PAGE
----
Judgemental

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I like to be generous in what I believe other people can become, but I don’t let that affect much what I think of them now.

I like to be generous in what I believe other people are capable o

Infallibility

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The prophet Wilford Woodruff taught,

I say to Israel, the Lord will never permit me or any other man who stands as president of this Church to lead you astray. It is not in the program. It is not in the mind of God. If I were to attempt that the Lord would remove me out of my place, and so he will any other man who attempts to lead the children of men astray from the oracles of God and from their duty.

This doctrine says that the prophet will always lead the church correctly. A different, and equally accepted, doctrine maintains that prophets are just people that can make mistakes. I recently heard a story retold about the fallibility of divine revelation:

Simonds Ryder was converted to the Church in 1831. Later he received a letter signed by the Prophet Joseph Smith and Sidney Rigdon, informing him that it was the Lord’s will, made manifest by the Spirit, that he preach the gospel. Both in the letter he received and in the official commission to preach, his name was spelled Rider instead of Ryder. Simonds Ryder “thought if the ‘Spirit’ through which he had been called to preach could err in the matter of spelling his name, it might have erred in calling him to the ministry as well; or, in other words, he was led to doubt if he were called at all by the Spirit of God, because of the error in spelling his name!” (History of the Church, 1:261). Simonds Ryder later apostatized from the Church.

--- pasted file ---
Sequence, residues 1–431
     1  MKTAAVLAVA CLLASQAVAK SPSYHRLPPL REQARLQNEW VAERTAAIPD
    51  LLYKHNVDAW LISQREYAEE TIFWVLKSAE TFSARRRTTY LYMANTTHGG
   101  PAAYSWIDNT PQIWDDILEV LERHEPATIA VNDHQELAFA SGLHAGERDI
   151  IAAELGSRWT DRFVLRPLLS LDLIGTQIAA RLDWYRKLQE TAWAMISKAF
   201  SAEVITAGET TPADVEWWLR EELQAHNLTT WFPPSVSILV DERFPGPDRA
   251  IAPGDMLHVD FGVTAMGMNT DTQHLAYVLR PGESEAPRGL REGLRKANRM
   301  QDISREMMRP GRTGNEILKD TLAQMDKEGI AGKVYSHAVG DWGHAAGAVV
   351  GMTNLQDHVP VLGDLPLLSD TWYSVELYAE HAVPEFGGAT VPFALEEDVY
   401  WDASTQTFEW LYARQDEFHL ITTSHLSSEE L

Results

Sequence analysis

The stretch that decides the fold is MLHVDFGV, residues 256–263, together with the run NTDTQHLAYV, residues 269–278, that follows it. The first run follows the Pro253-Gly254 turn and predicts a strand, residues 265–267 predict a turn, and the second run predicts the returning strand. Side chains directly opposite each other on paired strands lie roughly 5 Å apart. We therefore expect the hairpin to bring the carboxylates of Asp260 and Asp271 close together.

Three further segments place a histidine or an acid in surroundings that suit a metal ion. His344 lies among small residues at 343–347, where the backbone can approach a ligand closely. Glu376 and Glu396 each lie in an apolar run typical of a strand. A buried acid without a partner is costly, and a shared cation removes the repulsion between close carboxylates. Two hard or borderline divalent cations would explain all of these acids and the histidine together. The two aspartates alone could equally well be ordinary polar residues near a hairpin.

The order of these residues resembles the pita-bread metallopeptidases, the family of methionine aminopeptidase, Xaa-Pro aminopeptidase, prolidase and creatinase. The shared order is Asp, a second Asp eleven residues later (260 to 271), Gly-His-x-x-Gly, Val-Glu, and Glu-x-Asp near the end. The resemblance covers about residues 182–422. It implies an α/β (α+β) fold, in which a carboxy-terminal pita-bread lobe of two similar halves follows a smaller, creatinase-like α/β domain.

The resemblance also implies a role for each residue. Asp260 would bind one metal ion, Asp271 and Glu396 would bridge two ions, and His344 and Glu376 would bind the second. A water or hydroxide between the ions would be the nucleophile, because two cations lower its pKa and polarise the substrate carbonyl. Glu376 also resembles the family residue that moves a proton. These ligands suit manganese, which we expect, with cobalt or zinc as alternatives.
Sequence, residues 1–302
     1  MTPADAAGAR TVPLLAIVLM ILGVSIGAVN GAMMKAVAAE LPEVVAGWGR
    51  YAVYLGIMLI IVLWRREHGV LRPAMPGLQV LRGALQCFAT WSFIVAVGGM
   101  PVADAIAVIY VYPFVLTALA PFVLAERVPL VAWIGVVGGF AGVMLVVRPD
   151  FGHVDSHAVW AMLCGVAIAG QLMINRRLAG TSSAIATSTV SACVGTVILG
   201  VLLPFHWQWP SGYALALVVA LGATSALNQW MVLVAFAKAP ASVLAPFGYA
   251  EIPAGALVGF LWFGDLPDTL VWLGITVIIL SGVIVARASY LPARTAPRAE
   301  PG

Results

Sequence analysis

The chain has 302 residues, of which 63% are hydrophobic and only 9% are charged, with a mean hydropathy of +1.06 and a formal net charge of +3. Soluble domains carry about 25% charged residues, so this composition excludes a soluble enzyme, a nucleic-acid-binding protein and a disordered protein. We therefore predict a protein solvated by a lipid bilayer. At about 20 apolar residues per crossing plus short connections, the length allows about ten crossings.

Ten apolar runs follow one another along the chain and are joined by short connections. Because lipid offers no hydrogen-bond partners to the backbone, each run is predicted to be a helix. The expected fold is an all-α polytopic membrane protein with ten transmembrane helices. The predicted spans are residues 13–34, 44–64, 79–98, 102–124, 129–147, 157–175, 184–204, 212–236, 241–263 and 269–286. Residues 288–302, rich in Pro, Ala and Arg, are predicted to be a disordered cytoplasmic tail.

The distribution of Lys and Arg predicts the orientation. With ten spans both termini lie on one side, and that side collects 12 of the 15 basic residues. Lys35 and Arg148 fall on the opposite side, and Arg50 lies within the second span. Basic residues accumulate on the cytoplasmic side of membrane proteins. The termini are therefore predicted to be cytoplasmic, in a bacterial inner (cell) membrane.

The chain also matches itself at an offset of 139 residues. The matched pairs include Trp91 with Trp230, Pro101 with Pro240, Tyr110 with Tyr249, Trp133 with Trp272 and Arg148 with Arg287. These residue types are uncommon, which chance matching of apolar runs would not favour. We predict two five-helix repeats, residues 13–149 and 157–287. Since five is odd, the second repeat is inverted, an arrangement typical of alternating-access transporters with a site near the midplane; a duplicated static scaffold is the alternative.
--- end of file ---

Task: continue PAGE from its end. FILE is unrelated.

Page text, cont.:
For many believers there is tension between God’s perfection and the apparent mistakes in some of his earthly messages. Ironically, only someone who achieved complete confidence in a prophet could be surprised by as small an error as a spelling mistake. After a short digression, I’ll explain my way of reconciling these two doctrines. Continue reading

Personal Joseph

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When someone tells you about a dream they remember, sometimes you can surprise them by offering an interpretation. Dreams that involve strong imagery and emotions frequently mean something to the dreamer.

My opinion is that it doesn’t matter much what the person saw or heard during their dream. All of the dream’s surroundings were invented by the brain on the spur of the moment and are more or less random. The emotions of the dreamer, on the other hand, are the important content. The brain doesn’t just manufacture emotions. The dream is based on the real-life emotions of the dreamer, and all the images were created around those. Continue reading